Chip firm Cavium has snapped up QLogic, a semiconductor firm specialising in server and storage networking, to drive further into the data centre market.
Cavium has entered into a definitive agreement to acquire all outstanding QLogic common stock in a deal worth approximately $1.36bn. The acquisition has been unanimously approved by the boards of both companies.
Cavium said that QLogic's portfolio of advanced connectivity and storage solutions is complementary to Cavium's own portfolio of networking, compute and security products.
The acquisition will put Cavium in a better position to offer a complete end-to-end solution to customers across the enterprise, cloud, data centre, storage, telecoms and networking sectors.
"QLogic's industry-leading products extend our market position in the data centre, cloud and storage markets, and further diversifies our revenue and customer base," said Cavium chief executive Syed Ali.
"In addition to the compelling strategic benefits, the manufacturing, sales and operating synergies will create significant value for our shareholders."
In addition, the post-merger organisation will be able to take advantage of greater economies of scale, according to QLogic executive chairman Christine King.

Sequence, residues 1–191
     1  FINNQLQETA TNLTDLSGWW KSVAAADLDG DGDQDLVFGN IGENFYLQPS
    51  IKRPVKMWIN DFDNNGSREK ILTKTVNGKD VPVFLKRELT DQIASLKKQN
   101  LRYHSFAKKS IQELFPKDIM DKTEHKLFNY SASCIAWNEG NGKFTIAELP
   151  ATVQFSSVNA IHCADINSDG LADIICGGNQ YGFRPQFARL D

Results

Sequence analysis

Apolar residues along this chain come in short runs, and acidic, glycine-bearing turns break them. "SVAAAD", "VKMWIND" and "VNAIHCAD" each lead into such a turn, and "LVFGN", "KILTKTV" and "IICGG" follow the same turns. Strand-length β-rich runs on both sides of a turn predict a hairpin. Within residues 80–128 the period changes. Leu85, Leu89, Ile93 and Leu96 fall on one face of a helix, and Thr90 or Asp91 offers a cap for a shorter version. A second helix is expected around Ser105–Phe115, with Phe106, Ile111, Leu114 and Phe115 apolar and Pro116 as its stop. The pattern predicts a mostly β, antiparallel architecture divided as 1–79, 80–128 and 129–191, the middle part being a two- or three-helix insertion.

"The scale of operations of a nearly $1bn revenue business will allow the combined company to deliver better solutions for customers. Shareholders will benefit from the immediate premium, as well as the opportunity to participate in the long-term value creation from the combined company's strong growth prospects," King said in a statement.
The deal is also notable because Cavium is a manufacturer of ARM-based server chips, and the firm is hoping to gain a larger foothold in the data centre market. It already counts Lenovo as a customer, which has previously said it is working towards bringing ARM servers to market using Cavium's ARM-based ThunderX system-on-a-chip line-up.
Cavium's latest ThunderX2 family, launched last month, boasts up to 54 cores per chip, and supports up to 3TB of DDR4 memory in a dual-socket system configuration.
It also has integrated 10/25/40/50/100Gbps Ethernet ports and on-chip hardware accelerators for network functions such as traffic shaping, forwarding and quality of service.
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